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allow employers, if they wanted to, to offer a qualified private disability insurance that would be at least equal to what ssdi provides now. employers who choose to offer this would receive a payroll tax credit, a portion of the current 1.8% on the employer themselves. they would receive the credit, allow them the funds to purchase the private disability insurance. individuals who have an employer that goes through this private system would first apply through the private system. they might still be in their job and having trouble, and they would be able to apply without having to sit there for five months and wait another 500 or so days to get a determination. they would have access to all those return-to-work supports and rehabilitative efforts, and after the initial decision, they would, if they were determined to be disabled, they would receive those benefits for the first two to three year, and after that time, if they're still disabled, they would transition to the ssdi system.
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because there's no point to continue on a private system if they've been continually determined to be disabled. it's more efficient probably to let ssdi pay their check, but we've benefit of that initial determine nation, the individual having support along the way, and all the efforts that try to get them back to work. and then when they're determined not able they would transition over. this has the benefit to the individual who has more support along the way. it's an advantage to the employer who could reduce their employment costs and an advantage to the ssdi system, because the private employers, the payroll tax credit would be less than what it is costing ssdi itself to provide those benefit, and they would have a reduction in the rolls as a result. the second proposal i'd like to talk about gets at the original intent of social security. astery said, this is a nearly
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60-year old program. it was to ensure people who disabled are not destitute and living in poverty, and yet, as we see here, social security provides the largest benefits to the people who have the highest pre-disability incomes. the graph to the left there shows that somebody with the highest income would be making, receiving $2800 per month in ssdi benefits, whereas a minimum wageworker is going to be receiving only $866 per month. as a result of this, we see that nearly 2 million people who receive ssdi benefits are living in poverty. that wasn't the intent of the program, it was to prevent poverty among the disabled. so those who are below poverty are either without enough income or turning to other government programs that are having an additional cost. if we were to implement an anti-poverty, flat benefit, equal for everybody who goes into the system, this would be an increase in benefits for about 35% of the population and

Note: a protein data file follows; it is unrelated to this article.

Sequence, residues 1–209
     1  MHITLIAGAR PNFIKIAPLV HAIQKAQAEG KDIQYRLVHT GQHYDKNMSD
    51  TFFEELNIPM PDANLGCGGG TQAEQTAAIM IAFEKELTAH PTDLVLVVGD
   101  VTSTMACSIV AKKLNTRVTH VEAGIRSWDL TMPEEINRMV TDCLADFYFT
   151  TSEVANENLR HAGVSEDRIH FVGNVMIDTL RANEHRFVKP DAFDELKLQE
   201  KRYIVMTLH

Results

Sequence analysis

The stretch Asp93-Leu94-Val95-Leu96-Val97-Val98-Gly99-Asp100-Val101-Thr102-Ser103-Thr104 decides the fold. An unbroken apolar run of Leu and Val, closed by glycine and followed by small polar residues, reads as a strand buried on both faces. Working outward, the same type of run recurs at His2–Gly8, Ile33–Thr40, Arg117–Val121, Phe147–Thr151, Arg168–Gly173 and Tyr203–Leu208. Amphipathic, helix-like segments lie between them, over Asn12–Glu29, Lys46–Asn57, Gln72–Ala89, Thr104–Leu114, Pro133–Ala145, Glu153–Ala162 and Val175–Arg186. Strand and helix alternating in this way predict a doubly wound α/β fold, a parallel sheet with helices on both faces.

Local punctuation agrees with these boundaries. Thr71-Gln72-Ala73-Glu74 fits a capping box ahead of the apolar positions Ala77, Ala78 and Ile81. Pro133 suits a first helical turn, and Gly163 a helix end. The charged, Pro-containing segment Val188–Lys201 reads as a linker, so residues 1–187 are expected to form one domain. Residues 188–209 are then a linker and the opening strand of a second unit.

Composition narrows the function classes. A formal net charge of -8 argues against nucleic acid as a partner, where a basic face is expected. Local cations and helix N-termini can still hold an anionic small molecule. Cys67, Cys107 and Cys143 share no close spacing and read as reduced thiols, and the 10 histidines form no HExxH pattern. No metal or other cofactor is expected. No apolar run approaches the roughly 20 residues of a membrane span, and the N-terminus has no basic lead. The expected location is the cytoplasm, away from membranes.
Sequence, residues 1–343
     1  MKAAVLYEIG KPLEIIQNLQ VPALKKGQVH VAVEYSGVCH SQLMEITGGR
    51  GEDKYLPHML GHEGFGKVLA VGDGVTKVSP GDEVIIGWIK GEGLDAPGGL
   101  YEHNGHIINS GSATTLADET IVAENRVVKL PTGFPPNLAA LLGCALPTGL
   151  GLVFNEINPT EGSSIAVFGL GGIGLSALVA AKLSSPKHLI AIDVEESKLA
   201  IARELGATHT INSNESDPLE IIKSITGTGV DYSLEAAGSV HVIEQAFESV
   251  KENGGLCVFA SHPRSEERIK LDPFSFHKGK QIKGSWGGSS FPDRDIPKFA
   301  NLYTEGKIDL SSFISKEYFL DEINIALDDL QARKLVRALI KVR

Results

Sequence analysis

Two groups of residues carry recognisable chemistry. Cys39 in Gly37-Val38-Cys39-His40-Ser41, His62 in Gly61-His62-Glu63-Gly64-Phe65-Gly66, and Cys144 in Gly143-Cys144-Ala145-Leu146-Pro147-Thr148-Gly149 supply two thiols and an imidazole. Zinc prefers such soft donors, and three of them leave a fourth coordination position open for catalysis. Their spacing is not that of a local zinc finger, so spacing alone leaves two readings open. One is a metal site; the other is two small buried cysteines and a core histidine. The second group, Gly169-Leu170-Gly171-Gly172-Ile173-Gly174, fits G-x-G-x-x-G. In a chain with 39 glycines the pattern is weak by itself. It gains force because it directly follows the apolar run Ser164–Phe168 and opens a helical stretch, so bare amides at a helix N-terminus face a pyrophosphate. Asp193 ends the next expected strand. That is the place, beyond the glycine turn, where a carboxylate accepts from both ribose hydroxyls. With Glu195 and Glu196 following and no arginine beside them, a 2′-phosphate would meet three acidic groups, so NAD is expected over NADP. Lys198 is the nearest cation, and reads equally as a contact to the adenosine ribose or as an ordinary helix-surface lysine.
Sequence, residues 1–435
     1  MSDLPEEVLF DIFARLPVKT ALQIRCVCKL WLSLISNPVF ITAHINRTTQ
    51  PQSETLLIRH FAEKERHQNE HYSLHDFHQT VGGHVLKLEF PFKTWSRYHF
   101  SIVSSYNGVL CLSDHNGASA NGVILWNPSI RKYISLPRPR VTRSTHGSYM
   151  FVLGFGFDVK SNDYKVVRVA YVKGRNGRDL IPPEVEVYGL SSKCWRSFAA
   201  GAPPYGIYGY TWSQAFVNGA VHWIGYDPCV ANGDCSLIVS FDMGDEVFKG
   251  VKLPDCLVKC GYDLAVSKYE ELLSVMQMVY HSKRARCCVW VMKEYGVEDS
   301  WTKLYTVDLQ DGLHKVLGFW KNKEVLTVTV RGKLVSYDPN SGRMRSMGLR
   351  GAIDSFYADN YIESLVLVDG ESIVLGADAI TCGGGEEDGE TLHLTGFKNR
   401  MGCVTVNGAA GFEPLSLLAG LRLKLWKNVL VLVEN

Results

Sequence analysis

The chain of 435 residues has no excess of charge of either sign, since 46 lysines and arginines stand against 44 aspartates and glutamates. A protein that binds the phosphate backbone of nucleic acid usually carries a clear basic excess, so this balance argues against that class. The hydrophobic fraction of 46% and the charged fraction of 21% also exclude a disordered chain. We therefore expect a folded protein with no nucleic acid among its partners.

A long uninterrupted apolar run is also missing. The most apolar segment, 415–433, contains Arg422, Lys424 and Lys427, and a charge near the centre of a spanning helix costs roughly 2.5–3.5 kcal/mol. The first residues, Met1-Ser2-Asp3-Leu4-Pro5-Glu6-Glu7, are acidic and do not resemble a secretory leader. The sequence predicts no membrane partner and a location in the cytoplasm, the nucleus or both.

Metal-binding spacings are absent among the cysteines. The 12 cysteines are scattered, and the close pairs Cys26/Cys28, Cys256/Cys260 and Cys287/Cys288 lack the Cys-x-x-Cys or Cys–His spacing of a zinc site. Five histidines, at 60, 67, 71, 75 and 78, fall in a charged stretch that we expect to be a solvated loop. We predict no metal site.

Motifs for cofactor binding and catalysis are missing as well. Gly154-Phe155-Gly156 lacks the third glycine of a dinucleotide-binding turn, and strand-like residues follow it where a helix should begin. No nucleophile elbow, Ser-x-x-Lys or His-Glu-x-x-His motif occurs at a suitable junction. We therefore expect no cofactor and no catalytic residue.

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a reduction for about 65%. now we wouldn't propose to change benefits for anybody currently on the rolls, but, going forward, and this is something that actually could be implemented relatively quickly, those in the future would receive this flat benefit. the reason we could do it today or start it a year from now is that disability is not like social security where individuals plan to retire and they know they're going to need that money some day. disability is an unplanned event. so to the extent that an individual wants to ensure that they're going to have a certain amount of income if they become disabled, they can go out tomorrow and purchase disability insurance in the private market that will ensure that level of income. and this is getting at the proper role of the disability insurance system. it is that anti-poverty benefit. and anything beyond that is left up to individuals to decide, do i need 50% of my income? do i need 100%? what is it that i need, and the government does not need to dictate that and set it at a certain percent, but the
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individuals can go out and purchase whatever additional amount they would need. in addition to restoring social security disability insurance program to its original intent, this proposal would go beyond solving social security's shortfalls. over the next ten years it would solve about two-thirds of the shortfall, and that's only because we would grandfather anybody in the current system. the graph shows the light blue lines are social security shortfall in billions of dollars. the dark blue lines are the savings that would be accumulated as a result of implementing this flat benefit. as you can see, beginning in 2023, the savings exceed the shortfall. that is you're going to have money left over from the shortfall, and we could take that money and reduce the payroll tax if self, give money back to individuals, more after tax take-home pay would allow hem to purchase private disability insurance to bring them up to whatever level they